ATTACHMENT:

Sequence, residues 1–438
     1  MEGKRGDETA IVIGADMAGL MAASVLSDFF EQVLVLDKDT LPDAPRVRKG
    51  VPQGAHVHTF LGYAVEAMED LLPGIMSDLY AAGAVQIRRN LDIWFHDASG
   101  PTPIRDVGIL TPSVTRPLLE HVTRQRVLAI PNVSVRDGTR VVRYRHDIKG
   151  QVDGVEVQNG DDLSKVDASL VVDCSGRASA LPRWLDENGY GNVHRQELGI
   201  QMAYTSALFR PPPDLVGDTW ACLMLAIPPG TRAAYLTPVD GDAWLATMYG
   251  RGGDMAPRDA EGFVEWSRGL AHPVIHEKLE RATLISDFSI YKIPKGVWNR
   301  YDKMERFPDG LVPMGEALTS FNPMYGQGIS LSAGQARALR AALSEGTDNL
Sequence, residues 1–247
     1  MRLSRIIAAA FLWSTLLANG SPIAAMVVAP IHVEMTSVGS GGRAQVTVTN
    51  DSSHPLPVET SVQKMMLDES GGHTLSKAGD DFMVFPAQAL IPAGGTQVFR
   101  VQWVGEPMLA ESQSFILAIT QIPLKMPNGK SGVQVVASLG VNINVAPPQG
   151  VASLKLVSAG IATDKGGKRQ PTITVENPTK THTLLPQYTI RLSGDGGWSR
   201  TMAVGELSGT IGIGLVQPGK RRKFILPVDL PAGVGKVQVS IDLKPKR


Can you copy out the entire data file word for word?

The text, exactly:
Sequence, residues 1–438
     1  MEGKRGDETA IVIGADMAGL MAASVLSDFF EQVLVLDKDT LPDAPRVRKG
    51  VPQGAHVHTF LGYAVEAMED LLPGIMSDLY AAGAVQIRRN LDIWFHDASG
   101  PTPIRDVGIL TPSVTRPLLE HVTRQRVLAI PNVSVRDGTR VVRYRHDIKG
   151  QVDGVEVQNG DDLSKVDASL VVDCSGRASA LPRWLDENGY GNVHRQELGI
   201  QMAYTSALFR PPPDLVGDTW ACLMLAIPPG TRAAYLTPVD GDAWLATMYG
   251  RGGDMAPRDA EGFVEWSRGL AHPVIHEKLE RATLISDFSI YKIPKGVWNR
   301  YDKMERFPDG LVPMGEALTS FNPMYGQGIS LSAGQARALR AALSEGTDNL
Sequence, residues 1–247
     1  MRLSRIIAAA FLWSTLLANG SPIAAMVVAP IHVEMTSVGS GGRAQVTVTN
    51  DSSHPLPVET SVQKMMLDES GGHTLSKAGD DFMVFPAQAL IPAGGTQVFR
   101  VQWVGEPMLA ESQSFILAIT QIPLKMPNGK SGVQVVASLG VNINVAPPQG
   151  VASLKLVSAG IATDKGGKRQ PTITVENPTK THTLLPQYTI RLSGDGGWSR
   201  TMAVGELSGT IGIGLVQPGK RRKFILPVDL PAGVGKVQVS IDLKPKR